Dumbell Tricep Extensions Explained
Contrary to common notions, the tricep brachii is the primary muscle in the arm, accounting for over 2/3s of the muscle mass. The triceps consist of three separate heads – the lateral, medial, and long heads- as such it is particularly tricky to train, as you must ensure that you work all three heads to stimulate proportional growth.
For this reason, the tricep extension is often considered a staple in any routine, as it is one of the few exercises to actually target all three heads. (While you need more than just one lift to adequately work the muscle, this is a good place to start.) Moreover, it does not require much equipment or heavy weights, all that is necessary is strict form and posture.
This exercise can be performed a variety of different ways, and with a variety of equipment. Although this guide will focus on using a dumbell, a similar exercise can be performed with an EZ Bar Barbell (commonly referred to as a skullcrusher when performed lying down).
Dumbell tricep extensions can be done standing up, lying down on a bench, or sitting upright, all of which place emphasis on a different part of the tricep. They can also be done holding one dumbell in each hand, or both hands around one. Eventually you may be able to alternate all three in a routine, but for the sake of simplicity, this guide will focus on a seated, one-dumbell tricep extension.
1. Equipment: Select a fairly low-weight dumbell and sit at the edge of a bench (or against a back-supported bench).
2. Grip: Grip the dumbell with both hands towards one of the bases so that your hands are touching and palms face each other.
3. Starting Position : Force the weight above your head (you can use your knees to swing it up initially if the weight is too heavy), and keep your elbows tight against your body. Do not let them flare out. Your arms should be completely vertical with only your elbows bending throughout the motion. This is the starting position.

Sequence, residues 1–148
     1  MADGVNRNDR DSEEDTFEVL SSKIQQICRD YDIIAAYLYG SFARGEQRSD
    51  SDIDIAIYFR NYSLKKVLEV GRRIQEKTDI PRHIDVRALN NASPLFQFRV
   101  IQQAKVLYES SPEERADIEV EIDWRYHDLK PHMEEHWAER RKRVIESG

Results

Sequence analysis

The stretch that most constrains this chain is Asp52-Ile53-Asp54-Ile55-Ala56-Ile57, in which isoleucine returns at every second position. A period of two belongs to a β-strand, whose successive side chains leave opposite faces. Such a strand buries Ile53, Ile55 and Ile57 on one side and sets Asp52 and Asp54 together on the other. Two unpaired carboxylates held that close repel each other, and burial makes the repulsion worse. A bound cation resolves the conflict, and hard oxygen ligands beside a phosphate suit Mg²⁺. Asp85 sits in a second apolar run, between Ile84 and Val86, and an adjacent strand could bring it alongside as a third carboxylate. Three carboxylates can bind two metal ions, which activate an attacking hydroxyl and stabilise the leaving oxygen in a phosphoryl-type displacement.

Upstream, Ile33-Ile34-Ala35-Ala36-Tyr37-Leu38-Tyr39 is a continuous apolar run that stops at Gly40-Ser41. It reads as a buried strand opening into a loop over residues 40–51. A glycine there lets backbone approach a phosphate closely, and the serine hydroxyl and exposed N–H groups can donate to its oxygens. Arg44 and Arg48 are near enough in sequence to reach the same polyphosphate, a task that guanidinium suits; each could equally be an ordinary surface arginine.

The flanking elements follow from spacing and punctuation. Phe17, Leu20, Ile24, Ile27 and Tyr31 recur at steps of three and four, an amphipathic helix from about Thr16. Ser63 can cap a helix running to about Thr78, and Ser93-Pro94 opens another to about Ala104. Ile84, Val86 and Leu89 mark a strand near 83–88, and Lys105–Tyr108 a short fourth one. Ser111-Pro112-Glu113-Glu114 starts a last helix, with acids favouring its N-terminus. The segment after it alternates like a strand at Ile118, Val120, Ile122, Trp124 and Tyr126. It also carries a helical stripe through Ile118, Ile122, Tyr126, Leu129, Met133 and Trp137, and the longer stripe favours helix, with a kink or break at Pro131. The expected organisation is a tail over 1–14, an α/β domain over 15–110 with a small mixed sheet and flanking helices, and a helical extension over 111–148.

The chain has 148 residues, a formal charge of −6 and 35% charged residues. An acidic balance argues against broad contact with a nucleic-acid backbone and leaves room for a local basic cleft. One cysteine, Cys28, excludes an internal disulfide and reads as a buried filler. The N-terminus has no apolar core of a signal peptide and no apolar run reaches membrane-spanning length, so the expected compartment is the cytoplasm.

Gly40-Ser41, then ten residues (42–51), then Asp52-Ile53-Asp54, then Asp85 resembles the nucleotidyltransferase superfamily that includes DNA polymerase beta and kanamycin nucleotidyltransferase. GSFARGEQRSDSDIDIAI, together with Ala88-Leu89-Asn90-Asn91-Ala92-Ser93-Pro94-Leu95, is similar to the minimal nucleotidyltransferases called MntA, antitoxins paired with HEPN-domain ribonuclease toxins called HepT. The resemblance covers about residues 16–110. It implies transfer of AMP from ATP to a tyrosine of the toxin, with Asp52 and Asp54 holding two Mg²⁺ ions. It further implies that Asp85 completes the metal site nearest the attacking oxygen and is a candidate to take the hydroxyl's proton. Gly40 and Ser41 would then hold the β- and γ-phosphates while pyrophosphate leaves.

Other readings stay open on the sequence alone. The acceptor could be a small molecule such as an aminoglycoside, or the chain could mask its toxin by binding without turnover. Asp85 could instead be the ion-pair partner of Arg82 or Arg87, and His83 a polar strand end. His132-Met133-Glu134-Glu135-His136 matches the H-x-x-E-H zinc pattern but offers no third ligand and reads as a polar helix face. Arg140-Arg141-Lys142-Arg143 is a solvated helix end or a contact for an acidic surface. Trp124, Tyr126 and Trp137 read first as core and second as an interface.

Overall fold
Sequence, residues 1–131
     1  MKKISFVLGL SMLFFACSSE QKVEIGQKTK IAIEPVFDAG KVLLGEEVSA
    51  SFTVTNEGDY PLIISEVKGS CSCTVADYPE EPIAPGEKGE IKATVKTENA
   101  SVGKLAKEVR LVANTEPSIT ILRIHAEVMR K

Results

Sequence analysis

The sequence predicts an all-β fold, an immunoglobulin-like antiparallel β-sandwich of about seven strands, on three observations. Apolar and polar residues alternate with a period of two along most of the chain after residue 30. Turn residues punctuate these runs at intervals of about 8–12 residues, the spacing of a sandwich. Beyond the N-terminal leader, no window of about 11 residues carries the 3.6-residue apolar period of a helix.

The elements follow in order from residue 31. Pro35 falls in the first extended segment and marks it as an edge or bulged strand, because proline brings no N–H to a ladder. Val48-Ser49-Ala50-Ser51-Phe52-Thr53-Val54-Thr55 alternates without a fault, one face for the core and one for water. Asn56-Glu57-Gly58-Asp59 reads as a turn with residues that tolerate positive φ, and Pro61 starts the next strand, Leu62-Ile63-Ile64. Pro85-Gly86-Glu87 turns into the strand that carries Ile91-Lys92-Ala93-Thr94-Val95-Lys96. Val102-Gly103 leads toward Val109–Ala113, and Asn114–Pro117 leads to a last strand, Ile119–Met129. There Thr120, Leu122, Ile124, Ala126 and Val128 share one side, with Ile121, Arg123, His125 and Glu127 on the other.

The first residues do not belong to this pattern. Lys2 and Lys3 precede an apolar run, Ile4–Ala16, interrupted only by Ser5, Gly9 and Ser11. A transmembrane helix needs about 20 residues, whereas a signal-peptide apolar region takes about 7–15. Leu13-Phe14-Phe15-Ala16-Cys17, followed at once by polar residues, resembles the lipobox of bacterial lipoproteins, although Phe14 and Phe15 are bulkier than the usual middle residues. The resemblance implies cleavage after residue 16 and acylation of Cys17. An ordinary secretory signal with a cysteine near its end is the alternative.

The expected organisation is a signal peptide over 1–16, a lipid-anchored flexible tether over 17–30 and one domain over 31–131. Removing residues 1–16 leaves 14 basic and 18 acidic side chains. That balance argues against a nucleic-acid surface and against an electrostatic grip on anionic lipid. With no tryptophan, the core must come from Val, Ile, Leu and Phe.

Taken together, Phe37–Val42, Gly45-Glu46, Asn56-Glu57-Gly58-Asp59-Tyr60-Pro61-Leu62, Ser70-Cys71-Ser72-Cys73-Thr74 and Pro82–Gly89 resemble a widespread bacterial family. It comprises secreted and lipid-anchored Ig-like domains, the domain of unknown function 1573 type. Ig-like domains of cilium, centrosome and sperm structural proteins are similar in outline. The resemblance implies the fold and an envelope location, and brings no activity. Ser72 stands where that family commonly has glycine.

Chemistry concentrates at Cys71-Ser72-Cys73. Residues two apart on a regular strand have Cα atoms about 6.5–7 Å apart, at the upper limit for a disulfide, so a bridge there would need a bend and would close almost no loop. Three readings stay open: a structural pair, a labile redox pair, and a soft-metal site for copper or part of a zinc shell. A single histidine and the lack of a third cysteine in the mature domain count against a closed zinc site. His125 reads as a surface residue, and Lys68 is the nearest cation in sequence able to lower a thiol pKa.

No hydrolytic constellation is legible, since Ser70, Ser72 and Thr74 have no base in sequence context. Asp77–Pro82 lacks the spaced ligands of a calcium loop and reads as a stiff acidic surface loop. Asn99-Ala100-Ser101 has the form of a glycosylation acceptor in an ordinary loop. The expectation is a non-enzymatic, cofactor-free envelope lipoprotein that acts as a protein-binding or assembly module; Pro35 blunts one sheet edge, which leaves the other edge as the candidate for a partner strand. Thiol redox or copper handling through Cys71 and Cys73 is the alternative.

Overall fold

4. The Concentric Portion: Slowly lower the weight from the starting position behind your head (slightly) until your elbows reach almost 90 degrees. This process should take 2-3 seconds.
5. The Transition: Try to pause at the bottom of the rep for a second, but do not let your elbows lock – hold at just above 90 degrees and squeeze your triceps.
6. The Eccentric Portion: Slowly raise the weight back above your head with elbows and shoulders still in place.
Additional Tips/ Notes
While this exercise sounds fairly simple, it can be dangerous if performed incorrectly, or with too much weight. Start light and perfect your form.
1. Make sure to use only the tricep muscles when performing this lift – it is easy to use your lats to support the weight, but this will negate the impact of the exercise. Make sure to keep the arms tight in to your side and do not swing them – all movement should occur at the elbows only.
2. It is important to have great control over the weight to avoid shoulder/neck injuries and properly work the muscle. Do not swing the weights and do not use momentum.
3. Do not let the weight go too far back behind your head, as this may cause injury to the shoulders. By contrast, do not let the weight remain too far in front of your head or it will not target the triceps.
4. Keep your back firmly tightened and do not let it round or arch too much.
5. Make sure to breathe correctly, but there is no need for unnecessary yells or grunts. This will not help you lift the weight and is very annoying to others.
6. Lift with a spotter or do not go as heavy as possible. Keep in mind that your strength will begin to fail after a few sets. Do not keep trying to raise weights when alone.
7. Rerack the weights upon completion.